Risks and dangers
Misunderstandings concerning avalanches
A lot can go wrong when you venture off-piste. You are essentially entering a wild, mountainous environment and are responsible for finding your own route down, assessing all risks and hazards, and facilitating your own rescue if you need one. The first thing that comes to mind is avalanches, but there are an array of other hazards to consider when travelling off the groomed ski runs. You could hit a tree or rock, suffer a serious injury, get trapped by a sudden change in weather, and lose your way and find yourself above a large cliff or terrain that is above your ability level. It is important to arm yourself with as much information as possible and notably that you read the avalanche report, check the weather, and make sure you have the phone numbers for the local mountain rescue in case there is an emergency.
The good news is you can avoid all of these risks by simply staying on official ski runs. Once you decide to venture off-piste you expose yourself to alpine dangers that always contain a certain element of risk. It is important to be able to recognise these dangers so that you can make sound decisions. There are two types of hazards you will encounter off-piste.
These are hazards you cannot control, that are inherent in Alpine travel. Avalanches, sudden weather changes, falling rocks and seracs, and crevasses are all examples of objective hazards. You cannot eliminate an objective danger, but you can take steps to minimize the risk they pose to you. For example, the avalanche report can tell you which faces to avoid and the weather report can tell you whether or not it is a good day to attempt the peak you are hoping to ski from.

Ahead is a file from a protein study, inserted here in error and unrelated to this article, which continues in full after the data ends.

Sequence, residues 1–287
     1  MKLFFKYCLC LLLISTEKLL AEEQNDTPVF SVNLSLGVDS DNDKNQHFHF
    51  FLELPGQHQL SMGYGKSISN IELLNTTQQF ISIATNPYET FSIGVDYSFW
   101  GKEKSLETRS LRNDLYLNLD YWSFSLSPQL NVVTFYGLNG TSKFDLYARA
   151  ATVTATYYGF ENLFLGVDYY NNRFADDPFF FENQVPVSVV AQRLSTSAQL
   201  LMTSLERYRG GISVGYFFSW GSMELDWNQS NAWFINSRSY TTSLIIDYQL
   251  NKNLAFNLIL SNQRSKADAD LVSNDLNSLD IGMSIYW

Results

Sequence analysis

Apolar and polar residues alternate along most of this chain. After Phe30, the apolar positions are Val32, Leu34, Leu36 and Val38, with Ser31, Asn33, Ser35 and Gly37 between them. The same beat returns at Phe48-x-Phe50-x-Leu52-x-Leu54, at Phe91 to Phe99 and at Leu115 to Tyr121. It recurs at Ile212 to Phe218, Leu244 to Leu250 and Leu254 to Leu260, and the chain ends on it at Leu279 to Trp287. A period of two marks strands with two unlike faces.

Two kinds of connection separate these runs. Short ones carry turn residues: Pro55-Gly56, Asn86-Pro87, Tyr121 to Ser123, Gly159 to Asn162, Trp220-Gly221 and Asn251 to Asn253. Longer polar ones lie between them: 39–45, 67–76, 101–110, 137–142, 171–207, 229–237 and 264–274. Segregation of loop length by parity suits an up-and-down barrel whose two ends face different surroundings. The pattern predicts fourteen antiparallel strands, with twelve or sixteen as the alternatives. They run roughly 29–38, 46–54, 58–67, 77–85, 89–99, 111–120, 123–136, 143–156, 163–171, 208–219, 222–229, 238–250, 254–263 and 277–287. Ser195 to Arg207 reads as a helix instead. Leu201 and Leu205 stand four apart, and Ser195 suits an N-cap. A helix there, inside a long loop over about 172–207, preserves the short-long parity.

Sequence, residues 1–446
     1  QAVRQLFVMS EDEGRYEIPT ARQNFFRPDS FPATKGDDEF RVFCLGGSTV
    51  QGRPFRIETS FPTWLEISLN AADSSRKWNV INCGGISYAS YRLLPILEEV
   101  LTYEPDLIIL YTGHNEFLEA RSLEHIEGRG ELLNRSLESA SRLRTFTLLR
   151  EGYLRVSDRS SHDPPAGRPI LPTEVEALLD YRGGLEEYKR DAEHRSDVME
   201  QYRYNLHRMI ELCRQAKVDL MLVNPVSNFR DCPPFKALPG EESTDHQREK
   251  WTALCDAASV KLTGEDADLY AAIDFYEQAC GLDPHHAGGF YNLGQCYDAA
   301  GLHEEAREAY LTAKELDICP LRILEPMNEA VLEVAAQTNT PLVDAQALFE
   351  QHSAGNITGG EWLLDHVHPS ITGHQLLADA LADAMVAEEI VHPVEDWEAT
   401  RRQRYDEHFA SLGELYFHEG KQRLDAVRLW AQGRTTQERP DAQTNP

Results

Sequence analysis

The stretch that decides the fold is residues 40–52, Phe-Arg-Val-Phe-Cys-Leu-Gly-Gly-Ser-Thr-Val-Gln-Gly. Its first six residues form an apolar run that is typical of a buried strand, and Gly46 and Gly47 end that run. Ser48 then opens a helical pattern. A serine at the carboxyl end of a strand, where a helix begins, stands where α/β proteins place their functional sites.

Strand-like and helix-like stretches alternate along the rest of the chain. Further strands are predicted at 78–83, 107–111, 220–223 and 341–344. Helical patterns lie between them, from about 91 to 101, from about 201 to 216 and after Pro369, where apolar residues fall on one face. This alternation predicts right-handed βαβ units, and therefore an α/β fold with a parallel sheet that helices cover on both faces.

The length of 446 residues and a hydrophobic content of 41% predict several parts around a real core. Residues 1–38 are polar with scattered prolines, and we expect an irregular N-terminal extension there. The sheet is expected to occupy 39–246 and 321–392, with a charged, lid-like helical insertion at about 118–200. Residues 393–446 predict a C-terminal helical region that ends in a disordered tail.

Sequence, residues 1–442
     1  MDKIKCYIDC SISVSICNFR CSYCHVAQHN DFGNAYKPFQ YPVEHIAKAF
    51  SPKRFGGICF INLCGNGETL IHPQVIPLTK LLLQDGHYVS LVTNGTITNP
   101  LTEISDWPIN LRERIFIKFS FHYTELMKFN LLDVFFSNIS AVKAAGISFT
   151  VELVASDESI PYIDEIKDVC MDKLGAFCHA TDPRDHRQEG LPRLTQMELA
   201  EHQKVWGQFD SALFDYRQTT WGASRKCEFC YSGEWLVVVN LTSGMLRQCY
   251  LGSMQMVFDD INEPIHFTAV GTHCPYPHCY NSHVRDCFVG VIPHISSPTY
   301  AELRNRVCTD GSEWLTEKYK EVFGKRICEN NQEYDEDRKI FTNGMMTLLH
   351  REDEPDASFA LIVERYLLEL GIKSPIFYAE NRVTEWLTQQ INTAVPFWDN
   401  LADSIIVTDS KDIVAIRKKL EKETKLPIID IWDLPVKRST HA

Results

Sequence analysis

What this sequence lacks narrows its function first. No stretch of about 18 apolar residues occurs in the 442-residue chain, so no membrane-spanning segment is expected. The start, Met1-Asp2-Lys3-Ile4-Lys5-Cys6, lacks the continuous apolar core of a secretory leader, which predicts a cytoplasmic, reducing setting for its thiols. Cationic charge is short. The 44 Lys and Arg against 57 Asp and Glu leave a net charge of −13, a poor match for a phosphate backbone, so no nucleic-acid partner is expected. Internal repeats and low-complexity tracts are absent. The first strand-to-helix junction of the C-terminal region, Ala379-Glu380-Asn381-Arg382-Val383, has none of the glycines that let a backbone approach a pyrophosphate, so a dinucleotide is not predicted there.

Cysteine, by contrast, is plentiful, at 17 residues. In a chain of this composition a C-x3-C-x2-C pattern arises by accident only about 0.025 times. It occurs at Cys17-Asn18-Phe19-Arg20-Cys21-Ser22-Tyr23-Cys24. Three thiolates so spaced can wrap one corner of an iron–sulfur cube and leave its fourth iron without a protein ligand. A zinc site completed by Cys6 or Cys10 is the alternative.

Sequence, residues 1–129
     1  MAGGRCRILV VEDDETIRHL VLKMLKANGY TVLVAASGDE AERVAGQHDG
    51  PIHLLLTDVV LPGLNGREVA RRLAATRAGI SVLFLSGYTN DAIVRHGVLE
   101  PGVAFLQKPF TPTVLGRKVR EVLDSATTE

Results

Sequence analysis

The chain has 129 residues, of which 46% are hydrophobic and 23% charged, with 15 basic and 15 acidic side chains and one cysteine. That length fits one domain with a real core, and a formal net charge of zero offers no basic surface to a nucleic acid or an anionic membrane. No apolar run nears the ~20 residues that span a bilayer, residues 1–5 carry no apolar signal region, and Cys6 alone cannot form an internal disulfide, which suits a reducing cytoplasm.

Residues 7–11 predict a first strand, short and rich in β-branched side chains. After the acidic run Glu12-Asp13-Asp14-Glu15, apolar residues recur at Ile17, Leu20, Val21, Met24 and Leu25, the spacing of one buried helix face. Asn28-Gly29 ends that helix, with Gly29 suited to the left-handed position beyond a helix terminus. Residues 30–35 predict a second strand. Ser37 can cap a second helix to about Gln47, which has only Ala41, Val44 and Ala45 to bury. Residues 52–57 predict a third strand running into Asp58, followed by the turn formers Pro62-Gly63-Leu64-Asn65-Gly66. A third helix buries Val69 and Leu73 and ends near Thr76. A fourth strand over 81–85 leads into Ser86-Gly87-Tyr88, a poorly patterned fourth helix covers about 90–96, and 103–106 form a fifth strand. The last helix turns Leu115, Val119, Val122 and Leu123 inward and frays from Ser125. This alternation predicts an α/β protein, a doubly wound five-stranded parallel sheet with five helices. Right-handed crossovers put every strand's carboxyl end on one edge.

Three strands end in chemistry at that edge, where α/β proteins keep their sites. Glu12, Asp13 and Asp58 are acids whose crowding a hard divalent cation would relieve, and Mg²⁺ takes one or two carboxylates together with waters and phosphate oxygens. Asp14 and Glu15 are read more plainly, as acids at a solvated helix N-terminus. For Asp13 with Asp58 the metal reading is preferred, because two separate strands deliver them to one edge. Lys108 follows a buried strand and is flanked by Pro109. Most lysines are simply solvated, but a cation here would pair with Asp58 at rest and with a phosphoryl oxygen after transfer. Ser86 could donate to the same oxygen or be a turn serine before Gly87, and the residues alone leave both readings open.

You may ask how objective these dangers are when you have this knowledge. Usually when a skier or snowboarder is caught in an avalanche, it's because they triggered it. Objective hazards will be discussed in greater detail later on in this module in the chapters ‘weather and snow’ and ‘terrain’.
These are the dangers you can control and that we bring with us when we venture off-piste. These include the skill level of the group, physical condition and group of peer pressure. Though certain avalanche accidents seem to happen out of nowhere, most of the time there were warning signs. It is the skier's responsibility to recognise these signs and to exercise good judgement.
Knowledge and experience
Most accidents could have been avoided with better knowledge of the hazards of off-piste travel. It is not uncommon to see skiers and snowboarders heading off-piste without proper avalanche gear, or heading to an objective without first consulting the avalanche report. When you venture off-piste without basic avalanche awareness, you, and only you, are the biggest hazard you'll encounter. You are much safer when you're armed with the proper knowledge of snow safety, weather, orientation and first aid. These are all issues that will be discussed in this course.
Mountain sense is almost a kind of sixth sense that helps you recognize recognise alpine dangers. It's not magic, though. This sense is developed through education and experience in an alpine environment.
Experience is a different story. Mountain guides often talk about ‘mountain sense.' The more experience you gain in alpine terrain, the easier it will be to judge the danger level. Learning how to travel safely off-piste cannot be done through studying alone. This course can provide a basic foundation, but it is important to continue gain experience by taking a course with a certified guide.